THE High Court has taken the seizure of 22 trucks owned by Gokwe-Nembudziya legislator Justice Mayor Wadyajena to a higher level after issuing a 30-day order for taking over the fleet pending investigations into allegations of fraud.
The holding of the trucks can be extended under the law as investigations progress and a trial and court dates are set down.
The investigating officer from the Zimbabwe Anti-Corruption Commission Victor Masimba can now hang on to the property to prevent it from dissipation until the outcome of Wadyajena and four top Cotton Company of Zimbabwe managers’ fraud trial or the civil action to have the trucks forfeited to the State.
After ZACC obtained the emergency warrant of search and seizure at the magistrates’ courts at the weekend, the National Prosecution Authority on Monday went to the High Court and successfully applied for a property seizure order before Justice Pisirayi Kwenda.
Subsequently, the ZACC investigator was designated as the official to hold onto the trucks.
In terms of the law, a warrant of search and seizure allows the law enforcement agents to enter residential and business prescints for the purpose of identifying and seizing the property for exhibits to use in a criminal trial.
The criminal law may not provide for seizure of properties acquired using ill-gotten proceeds and this is where the Money Laundering and Proceeds of Crime Act, comes in. In granting the latest order, Justice Kwenda authorised the ZACC official to enter Mayor Logistics business premises to seize the entire fleet.
“The purpose of this property seizure order is to preserve the said property from dissipation or alienation pending investigations into allegations of fraud and money laundering…,” he said.
In addition to the 22 trucks listed in the court order permitting the seizure granted at the lower court, the same order allows ZACC to hold two luxury cars, a Lamborghini and BMW X6, temporarily held by Beitbridge Border Post authorities last Friday while they were on their way to South Africa.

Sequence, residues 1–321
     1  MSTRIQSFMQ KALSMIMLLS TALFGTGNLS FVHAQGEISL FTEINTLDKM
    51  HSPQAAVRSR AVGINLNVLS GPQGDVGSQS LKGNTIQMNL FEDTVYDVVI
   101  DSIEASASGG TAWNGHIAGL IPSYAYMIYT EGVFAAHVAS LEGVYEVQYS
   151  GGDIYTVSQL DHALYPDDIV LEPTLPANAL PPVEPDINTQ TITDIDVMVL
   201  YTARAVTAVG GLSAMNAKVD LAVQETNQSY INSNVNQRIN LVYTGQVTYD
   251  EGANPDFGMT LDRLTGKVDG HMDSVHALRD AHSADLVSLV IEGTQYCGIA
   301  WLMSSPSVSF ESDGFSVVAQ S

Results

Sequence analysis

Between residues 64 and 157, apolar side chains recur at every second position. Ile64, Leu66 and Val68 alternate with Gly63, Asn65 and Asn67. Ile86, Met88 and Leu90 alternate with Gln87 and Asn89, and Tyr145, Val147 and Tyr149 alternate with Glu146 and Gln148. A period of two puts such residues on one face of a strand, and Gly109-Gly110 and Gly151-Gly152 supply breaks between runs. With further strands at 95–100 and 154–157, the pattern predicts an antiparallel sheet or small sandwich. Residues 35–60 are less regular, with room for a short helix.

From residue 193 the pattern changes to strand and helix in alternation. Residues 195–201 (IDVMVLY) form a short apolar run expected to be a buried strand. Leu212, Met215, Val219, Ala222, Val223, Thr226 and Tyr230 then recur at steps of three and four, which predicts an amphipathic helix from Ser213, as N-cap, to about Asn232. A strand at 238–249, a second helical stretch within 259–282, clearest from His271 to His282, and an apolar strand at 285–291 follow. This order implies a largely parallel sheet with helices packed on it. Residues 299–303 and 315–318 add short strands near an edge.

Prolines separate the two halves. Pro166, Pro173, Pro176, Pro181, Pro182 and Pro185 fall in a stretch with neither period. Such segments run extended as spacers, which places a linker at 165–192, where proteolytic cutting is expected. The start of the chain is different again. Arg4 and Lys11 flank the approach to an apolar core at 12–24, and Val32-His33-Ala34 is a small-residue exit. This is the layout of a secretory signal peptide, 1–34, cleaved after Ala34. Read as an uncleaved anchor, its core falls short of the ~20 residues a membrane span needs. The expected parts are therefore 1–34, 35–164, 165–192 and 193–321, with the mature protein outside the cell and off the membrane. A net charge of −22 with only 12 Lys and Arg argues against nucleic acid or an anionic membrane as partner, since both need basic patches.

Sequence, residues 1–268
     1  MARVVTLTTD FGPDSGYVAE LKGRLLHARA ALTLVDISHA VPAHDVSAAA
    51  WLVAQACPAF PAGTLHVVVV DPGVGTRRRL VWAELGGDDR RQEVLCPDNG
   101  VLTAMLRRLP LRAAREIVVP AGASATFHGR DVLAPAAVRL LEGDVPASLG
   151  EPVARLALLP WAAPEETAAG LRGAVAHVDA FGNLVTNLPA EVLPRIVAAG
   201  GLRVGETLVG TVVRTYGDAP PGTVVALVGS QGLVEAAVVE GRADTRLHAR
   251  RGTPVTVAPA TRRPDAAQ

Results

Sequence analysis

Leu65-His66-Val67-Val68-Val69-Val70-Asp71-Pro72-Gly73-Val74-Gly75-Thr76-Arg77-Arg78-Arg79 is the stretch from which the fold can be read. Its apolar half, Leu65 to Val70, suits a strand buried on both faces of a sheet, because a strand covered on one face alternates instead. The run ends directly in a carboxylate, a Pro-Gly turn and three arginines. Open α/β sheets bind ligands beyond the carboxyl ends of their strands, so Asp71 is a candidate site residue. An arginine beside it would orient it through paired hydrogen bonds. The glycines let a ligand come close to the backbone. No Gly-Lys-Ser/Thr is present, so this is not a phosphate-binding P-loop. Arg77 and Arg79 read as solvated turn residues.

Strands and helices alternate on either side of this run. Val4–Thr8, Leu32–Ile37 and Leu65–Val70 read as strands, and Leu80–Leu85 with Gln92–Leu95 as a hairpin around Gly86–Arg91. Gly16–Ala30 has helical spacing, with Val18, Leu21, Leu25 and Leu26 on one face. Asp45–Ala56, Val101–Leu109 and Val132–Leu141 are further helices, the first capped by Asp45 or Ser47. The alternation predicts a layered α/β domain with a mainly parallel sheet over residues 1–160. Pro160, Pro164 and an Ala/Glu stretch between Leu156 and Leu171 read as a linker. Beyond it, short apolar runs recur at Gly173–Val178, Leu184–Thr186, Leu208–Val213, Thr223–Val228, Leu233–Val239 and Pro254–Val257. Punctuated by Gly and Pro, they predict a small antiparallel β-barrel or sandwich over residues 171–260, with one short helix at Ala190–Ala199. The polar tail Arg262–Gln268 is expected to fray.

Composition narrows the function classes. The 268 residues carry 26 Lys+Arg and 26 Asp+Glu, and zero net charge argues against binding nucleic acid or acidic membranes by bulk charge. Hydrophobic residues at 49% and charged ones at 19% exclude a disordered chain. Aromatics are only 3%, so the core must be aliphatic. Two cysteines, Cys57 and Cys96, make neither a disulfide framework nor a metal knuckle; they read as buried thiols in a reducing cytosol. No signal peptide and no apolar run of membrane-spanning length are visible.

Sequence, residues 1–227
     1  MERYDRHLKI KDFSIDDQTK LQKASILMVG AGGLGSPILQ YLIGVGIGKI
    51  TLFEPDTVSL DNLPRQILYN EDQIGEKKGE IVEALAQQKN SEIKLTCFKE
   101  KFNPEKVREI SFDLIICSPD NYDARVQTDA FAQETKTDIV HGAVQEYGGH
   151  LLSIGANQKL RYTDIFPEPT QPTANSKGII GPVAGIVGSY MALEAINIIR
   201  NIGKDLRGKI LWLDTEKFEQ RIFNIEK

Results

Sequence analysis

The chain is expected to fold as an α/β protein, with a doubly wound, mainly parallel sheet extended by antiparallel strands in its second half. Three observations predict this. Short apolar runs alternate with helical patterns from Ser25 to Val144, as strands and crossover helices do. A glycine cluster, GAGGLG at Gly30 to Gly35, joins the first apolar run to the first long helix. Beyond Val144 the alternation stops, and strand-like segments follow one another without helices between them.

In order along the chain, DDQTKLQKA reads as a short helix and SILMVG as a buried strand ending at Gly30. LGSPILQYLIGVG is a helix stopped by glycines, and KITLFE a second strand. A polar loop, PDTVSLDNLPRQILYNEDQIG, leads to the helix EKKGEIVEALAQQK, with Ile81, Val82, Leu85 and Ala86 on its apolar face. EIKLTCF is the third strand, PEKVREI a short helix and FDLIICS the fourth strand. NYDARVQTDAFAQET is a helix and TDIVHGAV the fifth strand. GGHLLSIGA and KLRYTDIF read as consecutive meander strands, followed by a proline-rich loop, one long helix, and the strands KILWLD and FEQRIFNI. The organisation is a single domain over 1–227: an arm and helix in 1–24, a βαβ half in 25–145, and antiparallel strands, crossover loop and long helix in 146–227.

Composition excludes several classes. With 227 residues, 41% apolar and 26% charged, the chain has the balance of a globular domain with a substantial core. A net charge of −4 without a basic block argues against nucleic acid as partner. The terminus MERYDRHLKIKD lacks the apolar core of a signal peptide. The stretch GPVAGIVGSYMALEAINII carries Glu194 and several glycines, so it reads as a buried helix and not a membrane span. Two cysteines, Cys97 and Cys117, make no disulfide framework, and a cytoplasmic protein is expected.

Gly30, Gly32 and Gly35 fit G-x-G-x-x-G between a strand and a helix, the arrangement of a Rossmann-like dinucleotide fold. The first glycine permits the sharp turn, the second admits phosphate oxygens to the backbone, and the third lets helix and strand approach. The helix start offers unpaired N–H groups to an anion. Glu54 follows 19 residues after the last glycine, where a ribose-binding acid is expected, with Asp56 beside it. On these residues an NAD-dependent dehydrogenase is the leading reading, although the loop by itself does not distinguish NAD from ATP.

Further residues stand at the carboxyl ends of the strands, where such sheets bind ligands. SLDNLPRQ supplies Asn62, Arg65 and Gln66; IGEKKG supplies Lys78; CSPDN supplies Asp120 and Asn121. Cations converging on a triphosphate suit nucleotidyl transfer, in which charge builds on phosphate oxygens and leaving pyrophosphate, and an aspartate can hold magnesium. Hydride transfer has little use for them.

The five are accused of diverting Cottco funds earmarked for buying bale ties to the trucks now allegedly being used by Wadyajena.
But the trucks and other assets now being sought and seized are more likely to be forfeited to the State in a separate civil application under a law meant to reclaim assets acquired through unlawful activity.
While criminal charges have to be proved beyond reasonable doubt, civil proceedings are decided on the balance of probabilities and the difference has seen assets forfeited even when there is no successful criminal prosecution.
The assets facing seizure are 22 haulage trucks and the two luxury cars allegedly bought with funds diverted from Cottco.
Wadyajena was arrested last week along with four Cottco top executives. The five were arrested on charges of fraud and money laundering involving US$5 million of Cottco money.
Wadyajena and his accomplices were last week granted $200 000 bail each by a Harare regional magistrate, Mr Stanford Mambanje, who also ordered them to surrender the title deeds to their personal properties as surety.
Wadyajena and the Cottco bosses are alleged to have converted money which was meant for the import of bale ties and bought the trucks through Mayor Logistics, where Wadyajena is believed to be a director, and allegedly diverted a second order for ties to energy companies.